Fleet News

Lexus LS400



ONE of Lexus's greatest attributes in the luxury car market is, paradoxically, its anonymity - not from a brand awareness point of view but from owners who like to keep a low profile with their luxury cars. More recently, it's been dependability and customer loyalty that has helped push Lexus to the head of its class.

With Toyota's solid reliability reputation behind it, LS 400s seldom, if ever, go wrong. Even if they do, there's the strength of the three-year/60,000-mile warranty as back-up. In the eight years or so Lexus has been around on the UK market, three versions of the flagship LS400 have appeared, each advancing on the previous model's already impressive refinement and luxury credentials.

As well as enhanced power output from the 4.0-litre V8 engine - up from 260bhp to 280bhp thanks to the addition of variable valve timing - the LS is claimed as the first car to get satellite navigation as standard, just one of dozens of improvements aimed at fine-tuning the car's position in the market. New styling front and rear has successfully tidied up the previous model's slightly incoherent looks: in fact, the LS now looks even more like an S-class Mercedes - no doubt an intentional flurry of the stylist's pen.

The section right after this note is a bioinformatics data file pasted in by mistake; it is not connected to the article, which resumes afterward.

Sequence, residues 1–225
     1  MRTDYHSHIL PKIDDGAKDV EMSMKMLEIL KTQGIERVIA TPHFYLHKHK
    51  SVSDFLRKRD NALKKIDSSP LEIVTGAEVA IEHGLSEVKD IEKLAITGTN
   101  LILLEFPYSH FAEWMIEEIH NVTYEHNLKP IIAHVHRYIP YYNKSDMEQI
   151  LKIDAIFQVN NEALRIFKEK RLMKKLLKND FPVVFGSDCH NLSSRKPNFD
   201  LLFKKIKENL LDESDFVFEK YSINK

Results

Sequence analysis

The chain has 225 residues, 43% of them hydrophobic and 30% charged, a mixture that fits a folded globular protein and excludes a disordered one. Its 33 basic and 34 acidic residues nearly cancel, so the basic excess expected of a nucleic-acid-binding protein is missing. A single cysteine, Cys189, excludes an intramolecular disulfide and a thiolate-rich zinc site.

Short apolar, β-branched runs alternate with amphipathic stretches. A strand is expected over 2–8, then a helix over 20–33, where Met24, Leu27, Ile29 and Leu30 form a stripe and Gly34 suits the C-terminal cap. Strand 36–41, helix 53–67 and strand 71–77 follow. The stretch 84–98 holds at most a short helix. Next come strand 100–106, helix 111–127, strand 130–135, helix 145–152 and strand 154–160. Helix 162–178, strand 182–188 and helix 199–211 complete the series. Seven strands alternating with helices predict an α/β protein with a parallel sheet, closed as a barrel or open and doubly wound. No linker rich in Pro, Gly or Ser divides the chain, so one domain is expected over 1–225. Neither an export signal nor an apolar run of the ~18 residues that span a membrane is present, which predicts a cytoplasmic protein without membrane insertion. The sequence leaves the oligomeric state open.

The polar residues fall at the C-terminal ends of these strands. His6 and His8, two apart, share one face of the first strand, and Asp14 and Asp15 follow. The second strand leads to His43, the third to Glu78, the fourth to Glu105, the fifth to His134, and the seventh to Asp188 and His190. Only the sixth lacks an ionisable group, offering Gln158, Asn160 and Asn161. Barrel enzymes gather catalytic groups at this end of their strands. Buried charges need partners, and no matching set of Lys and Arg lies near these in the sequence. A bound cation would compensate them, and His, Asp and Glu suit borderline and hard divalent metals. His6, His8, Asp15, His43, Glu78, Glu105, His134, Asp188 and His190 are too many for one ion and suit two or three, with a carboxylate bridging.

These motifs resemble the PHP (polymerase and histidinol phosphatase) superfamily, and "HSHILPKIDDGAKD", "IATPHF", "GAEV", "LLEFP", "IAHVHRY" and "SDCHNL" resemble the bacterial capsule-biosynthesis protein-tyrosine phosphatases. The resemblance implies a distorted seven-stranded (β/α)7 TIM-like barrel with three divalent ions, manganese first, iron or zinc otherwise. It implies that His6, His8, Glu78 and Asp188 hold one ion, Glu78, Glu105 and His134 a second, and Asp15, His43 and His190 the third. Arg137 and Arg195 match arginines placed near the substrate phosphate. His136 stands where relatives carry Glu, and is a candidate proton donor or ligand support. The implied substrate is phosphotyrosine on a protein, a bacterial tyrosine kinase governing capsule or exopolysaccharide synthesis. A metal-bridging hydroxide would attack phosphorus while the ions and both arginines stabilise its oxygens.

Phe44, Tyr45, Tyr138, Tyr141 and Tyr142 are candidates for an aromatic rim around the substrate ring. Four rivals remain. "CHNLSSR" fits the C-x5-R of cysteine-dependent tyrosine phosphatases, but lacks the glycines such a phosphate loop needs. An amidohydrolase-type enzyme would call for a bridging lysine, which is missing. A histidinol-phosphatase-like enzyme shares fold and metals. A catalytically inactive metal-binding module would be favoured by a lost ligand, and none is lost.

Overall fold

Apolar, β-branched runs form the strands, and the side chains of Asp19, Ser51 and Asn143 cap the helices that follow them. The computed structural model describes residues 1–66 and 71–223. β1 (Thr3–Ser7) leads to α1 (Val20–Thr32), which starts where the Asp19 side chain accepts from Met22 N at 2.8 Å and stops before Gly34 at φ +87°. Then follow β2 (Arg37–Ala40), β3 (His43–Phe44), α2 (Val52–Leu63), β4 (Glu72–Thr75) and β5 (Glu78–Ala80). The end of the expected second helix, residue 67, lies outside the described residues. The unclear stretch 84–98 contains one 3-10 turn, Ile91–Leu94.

Since its 1990 launch, almost 7,300 LS400s have been sold, and up until the end of June the third generation car, tested here, has sold 523 indicating a steady increase in the rate of sale. At just one pound short of ú50,000 on the road, the LS400 isn't cheap, at over ú3,000 more than a Jaguar XJ8 Sovereign, but it looks value compared with the Mercedes S-class. The six-cylinder S320 falls behind the Lexus on refinement and mechanical sophistication, yet costs ú300 more. Likewise, a BMW 740i is almost ú600 pricier.

CO2 emissions and fuel consumption data correct at time of writing. The latest figures are available in the Fleet News fuel cost calculator and the company car tax calculator.

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